Saturday afternoon, the Hall of Fame put on its interactive Connecting Generations game, a Family Feud-style trivia game pitting a Hall of Fame team against various families who made the trip for the induction ceremony.
Former Mets pitcher Tom Seaver, former Dodgers manager Tommy Lasorda and current longtime umpire Jerry Crawford comprised the Hall of Fame team, and Harold Reynolds hosted the proceedings.
"It's not good when they call you Mr. Seaver," Seaver said after being addressed by Reynolds. "They call it, 'Connecting Generations,' and you get the feeling you're on the higher end of the generations."
Reynolds asked questions ranging from "What baseball event would fans most want to see live?" to "What are the most popular ballpark foods?" Four different teams took the stage to compete with the Hall of Famers in trying to come up with the most popular survey answers.
Ted Amirault from West Michigan brought his 10-year-old son, Mike, eight-year-old daughter, Ashley, and father, Dave, all decked out in Tigers gear, on to the stage after volunteering to compete -- a perfect showcase of Hall's intent to bring the generations together.
"It was awesome," Amirault said. "It will be something my kids remember for the rest of their lives."
Seaver, Lasorda and Crawford did their best to make it a memorable experience for all involved, opening up their personalities in front of a an audience of 100 or so people.
During the "What is your favorite current mascot?" question, Reynolds asked Lasorda if the Dodgers even have a mascot.
"Manny Mota," Lasorda quipped, referencing the former outfielder and longtime coach.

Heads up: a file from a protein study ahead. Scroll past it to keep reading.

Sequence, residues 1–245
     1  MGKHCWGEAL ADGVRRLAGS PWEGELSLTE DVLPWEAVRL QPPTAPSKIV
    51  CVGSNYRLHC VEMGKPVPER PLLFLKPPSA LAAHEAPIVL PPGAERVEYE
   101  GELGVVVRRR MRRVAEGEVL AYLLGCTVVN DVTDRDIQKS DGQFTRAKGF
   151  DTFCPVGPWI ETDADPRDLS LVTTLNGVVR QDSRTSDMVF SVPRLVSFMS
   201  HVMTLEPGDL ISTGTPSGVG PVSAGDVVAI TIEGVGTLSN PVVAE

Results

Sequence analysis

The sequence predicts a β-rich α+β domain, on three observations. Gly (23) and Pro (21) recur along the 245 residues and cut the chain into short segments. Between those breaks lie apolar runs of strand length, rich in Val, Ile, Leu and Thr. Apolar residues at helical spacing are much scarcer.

While trying to guess where fans prefer to watch a baseball game, Reynolds asked Crawford where his favorite spot is -- perhaps the lower level or a skybox?
"Right behind the catcher," Crawford said.
But Seaver truly stole the show, keeping the fans laughing from start to finish. While waiting for Crawford to give an answer, Seaver leaned over and deadpanned, "If you miss this, I'm going to boo."
For an hour and a half, Reynolds kept the group loose, and the fans came up on stage to compete and shake hands with some of the game's legends.
Amirault said it was just another great experience during his first weekend in Cooperstown, which already included a trip to the museum and browsing the many souvenir shops up and down Main Street.
"I'm glad we could get the kids to Cooperstown at a young age," he said. "Hopefully, they'll want to do it again later in life and take their families someday."
If they do, yet another generation with be connected to the great tradition of the city and Hall of Fame weekend.
Kyle Maistri is an associate reporter for MLB.com. This story was not subject to the approval of Major League Baseball or its clubs.